And when he had thus spoken, he went before, ascending up to Jerusalem.…
Something like a royal procession is here described. On the foal of an ass, on which it comported as well with Oriental ideas of honour as with Christian ideas of peace that he should ride, the "King came, meek," but not without attention and acclaim, into Jerusalem. A large company of the curious, the devout, and even the enthusiastic, welcomed him as "the King that came in the Name of the Lord." At last, thought his disciples, his hour is come; at last their Master was entering on his heritage, was assuming his kingdom; at last their long-delayed hopes were to be fulfilled. Gladly they accepted and sustained the greetings of the multitude, and fondly, we may be sure, they hoped that a triumphant issue was at hand. But it had no such ending as they looked for. Jesus went into the temple, healed the sick, received the adoration of the children, whose voices (as we can well believe) were the last to sink into silence, and went quietly back to Bethany. What, then, did it mean? What was the service and significance of the scene?
I. A VALUABLE REMINDER OF HIS POWER OF SELF-RESTRAINT. He had been moving among men as "one that serveth," as one that "ministered." He had moved as a very humble traveller along the path of human life. But how easy it would have been for him to call forth the honour of the people, and to live amid the excitements of popularity, and to reach the high places of power! But this he resolutely declined to do, choosing deliberately the lowlier but the nobler path of humble, holy service.
II. A STRIKING INDICATION OF HIS ACCEPTANCE WITH THE PEOPLE, NO one can say that Christ's teaching was not profound; it was deep as the very fountains of truth. No philosophy went further; he went down into the deep places of the human soul. Yet, while the philosophers made their appeal to the cultured, Christ addressed himself to the multitude, to the common human heart. And "all the people were very attentive to hear him." So here, while the men who prided themselves on their knowledge looked on with angry disdain (ver. 29), the people and the children were enthusiastic in his favour - they recognized in the Prophet of Nazareth the true Teacher that had come from God. Better be numbered among the simple-hearted who can appreciate the Divine than among the wise and learned who misread the providence of God, and stand sullen and silent while everything is inviting to joy and praise. Better be the ignorant cottager whose heart is full of reverence, or the little child who has the songs of Zion on his lips and the love of Jesus in his heart, than the learned critic who never bends the knee or bows the heart in homage to the true and the eternal.
III. A HINT OF CHRIST'S TRUE ROYALTY. The Messiah of the Jews was to be a King. To that conclusion prophecy pointed with unfailing finger, and on that event Jewish faith rested with gathering hope. The Son of David was to occupy his father's throne; the daughters of Jerusalem were to rejoice because "her King was coming." Claiming the Messiahship, Jesus was bound to claim this sovereignty, but how do this without encouraging the current fallacy as to his temporal and visible royalty? Is not this simple scene the answer? Christ then and thus said, "I am the King you are awaiting." But its extreme simplicity and its transiency showed that he did not intend to wear the trappings and be surrounded with the common grandeurs of earthly royalty; it showed that he came not for pomps and pageantries and outward triumphs, but to seek a sovereignty of another kind in another realm altogether. That very simple and passing regal state was only an emblem of the spiritual sovereignty which was immeasurably, higher and more to be desired. Sweet to his ear may have been the acclaim of the populace and the hosannas of the children; but how much sweeter is the voice of man or woman or of little child who goes in glad submission to his feet to offer loyal service to the Divine Redeemer, to place heart and life beneath his gracious and benignant sway!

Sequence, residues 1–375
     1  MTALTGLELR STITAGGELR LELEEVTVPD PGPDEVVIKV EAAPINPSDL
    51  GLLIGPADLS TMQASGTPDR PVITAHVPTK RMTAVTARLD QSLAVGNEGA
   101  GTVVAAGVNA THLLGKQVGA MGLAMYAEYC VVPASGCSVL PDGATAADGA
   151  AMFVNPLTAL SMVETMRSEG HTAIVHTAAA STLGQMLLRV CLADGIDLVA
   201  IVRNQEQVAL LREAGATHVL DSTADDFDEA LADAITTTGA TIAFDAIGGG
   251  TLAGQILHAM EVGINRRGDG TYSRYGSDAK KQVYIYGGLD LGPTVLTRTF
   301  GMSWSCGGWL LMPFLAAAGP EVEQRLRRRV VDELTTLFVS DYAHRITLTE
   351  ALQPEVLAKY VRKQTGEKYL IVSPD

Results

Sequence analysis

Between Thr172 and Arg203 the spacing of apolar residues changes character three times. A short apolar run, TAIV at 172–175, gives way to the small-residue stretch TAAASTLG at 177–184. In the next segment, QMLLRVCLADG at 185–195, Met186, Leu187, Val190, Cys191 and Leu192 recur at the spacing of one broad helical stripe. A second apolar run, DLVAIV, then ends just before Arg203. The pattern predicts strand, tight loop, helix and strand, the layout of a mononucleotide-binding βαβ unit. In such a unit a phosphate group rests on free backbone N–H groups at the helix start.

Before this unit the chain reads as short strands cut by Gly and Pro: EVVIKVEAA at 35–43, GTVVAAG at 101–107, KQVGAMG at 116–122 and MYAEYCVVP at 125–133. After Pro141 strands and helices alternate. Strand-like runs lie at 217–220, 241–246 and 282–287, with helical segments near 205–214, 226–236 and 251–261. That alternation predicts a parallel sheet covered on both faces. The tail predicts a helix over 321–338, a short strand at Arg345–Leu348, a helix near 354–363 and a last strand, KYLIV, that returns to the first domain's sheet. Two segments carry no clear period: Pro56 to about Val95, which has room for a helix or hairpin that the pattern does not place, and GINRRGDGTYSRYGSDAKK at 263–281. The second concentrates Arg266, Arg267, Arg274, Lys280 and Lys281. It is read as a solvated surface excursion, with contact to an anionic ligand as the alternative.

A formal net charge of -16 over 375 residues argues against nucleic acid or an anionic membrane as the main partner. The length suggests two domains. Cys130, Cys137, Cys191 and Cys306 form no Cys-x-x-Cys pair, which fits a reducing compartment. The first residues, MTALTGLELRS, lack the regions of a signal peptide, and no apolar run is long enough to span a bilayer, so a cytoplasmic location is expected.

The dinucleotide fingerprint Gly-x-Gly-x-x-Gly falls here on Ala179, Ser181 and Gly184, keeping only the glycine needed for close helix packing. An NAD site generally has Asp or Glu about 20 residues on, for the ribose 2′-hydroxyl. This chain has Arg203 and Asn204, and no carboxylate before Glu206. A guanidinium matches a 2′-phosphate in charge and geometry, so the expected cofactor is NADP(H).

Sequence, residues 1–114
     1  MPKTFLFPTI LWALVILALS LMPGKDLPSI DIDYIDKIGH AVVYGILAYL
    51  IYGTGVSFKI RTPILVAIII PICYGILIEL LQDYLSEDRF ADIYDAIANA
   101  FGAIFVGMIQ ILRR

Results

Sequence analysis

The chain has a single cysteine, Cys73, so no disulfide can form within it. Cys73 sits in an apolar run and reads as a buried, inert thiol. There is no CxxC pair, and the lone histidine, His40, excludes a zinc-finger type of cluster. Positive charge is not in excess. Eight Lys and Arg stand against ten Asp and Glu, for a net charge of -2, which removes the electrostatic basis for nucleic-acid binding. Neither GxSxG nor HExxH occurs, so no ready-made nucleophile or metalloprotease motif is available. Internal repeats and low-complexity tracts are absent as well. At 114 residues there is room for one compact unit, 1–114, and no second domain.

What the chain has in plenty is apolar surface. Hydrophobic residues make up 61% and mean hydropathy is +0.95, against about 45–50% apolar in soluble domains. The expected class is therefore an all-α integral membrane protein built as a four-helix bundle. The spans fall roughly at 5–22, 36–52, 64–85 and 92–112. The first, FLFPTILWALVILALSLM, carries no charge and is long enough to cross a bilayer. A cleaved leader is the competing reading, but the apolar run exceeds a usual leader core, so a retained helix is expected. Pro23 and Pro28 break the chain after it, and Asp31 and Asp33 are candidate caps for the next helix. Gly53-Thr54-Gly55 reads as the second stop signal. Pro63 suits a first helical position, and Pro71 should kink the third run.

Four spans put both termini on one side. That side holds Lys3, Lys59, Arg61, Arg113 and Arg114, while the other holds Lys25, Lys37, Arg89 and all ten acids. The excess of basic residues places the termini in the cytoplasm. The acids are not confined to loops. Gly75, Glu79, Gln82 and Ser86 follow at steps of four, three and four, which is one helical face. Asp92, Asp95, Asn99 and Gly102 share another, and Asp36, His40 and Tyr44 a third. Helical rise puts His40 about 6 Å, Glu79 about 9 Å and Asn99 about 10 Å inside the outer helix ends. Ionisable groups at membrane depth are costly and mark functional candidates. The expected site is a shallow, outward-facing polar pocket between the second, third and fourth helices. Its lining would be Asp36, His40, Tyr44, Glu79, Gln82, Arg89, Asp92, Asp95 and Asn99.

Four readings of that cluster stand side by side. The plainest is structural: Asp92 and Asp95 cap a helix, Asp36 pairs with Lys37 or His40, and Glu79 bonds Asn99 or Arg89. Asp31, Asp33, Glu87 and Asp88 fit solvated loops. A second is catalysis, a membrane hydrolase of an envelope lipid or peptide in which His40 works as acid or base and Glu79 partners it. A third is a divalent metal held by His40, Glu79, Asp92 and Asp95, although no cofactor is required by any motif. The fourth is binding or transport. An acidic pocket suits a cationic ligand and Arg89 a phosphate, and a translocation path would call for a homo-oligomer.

IV. A PROPHECY OF FAR FUTURE GLORY. Never on this earth will that scene be re-enacted; but there is an hour coming when, in another realm, it will be amplified and perpetuated. Christ will be acknowledged King by all the hosts celestial and terrestrial. The transient gladness of the sacred city will be nothing to the everlasting joy of the new Jerusalem; the passing enthusiasm of that happy demonstration to the abiding blessedness of the life in the heavenly land. Yet may we take that one hour of Jerusalem's acceptance of her King as a prelude and a prophecy of the adoration which the redeemed of every kindred and tribe shall pay him when they cast their crowns at his feet.
"Oh that with yonder sacred throng
We at his feet may fall," etc.!
PRACTICAL LESSONS. We gather:
1. That Jesus Christ is now claiming the real, spiritual sovereignty of ourselves. He is calling upon us not to strew his path with palm branches, but to offer him the first place in our heart; to yield him our perfect trust, our unfailing and unfading love, our cheerful and constant obedience.
2. That the rest of soul which follows such surrender of ourselves is incomparably better than the passing exultation of a triumphal entry.
3. That by loyal and devoted service in his cause we shall gain a place in the acclaiming company that will praise the King in his celestial glory. - C.
Parallel VersesKJV: And when he had thus spoken, he went before, ascending up to Jerusalem.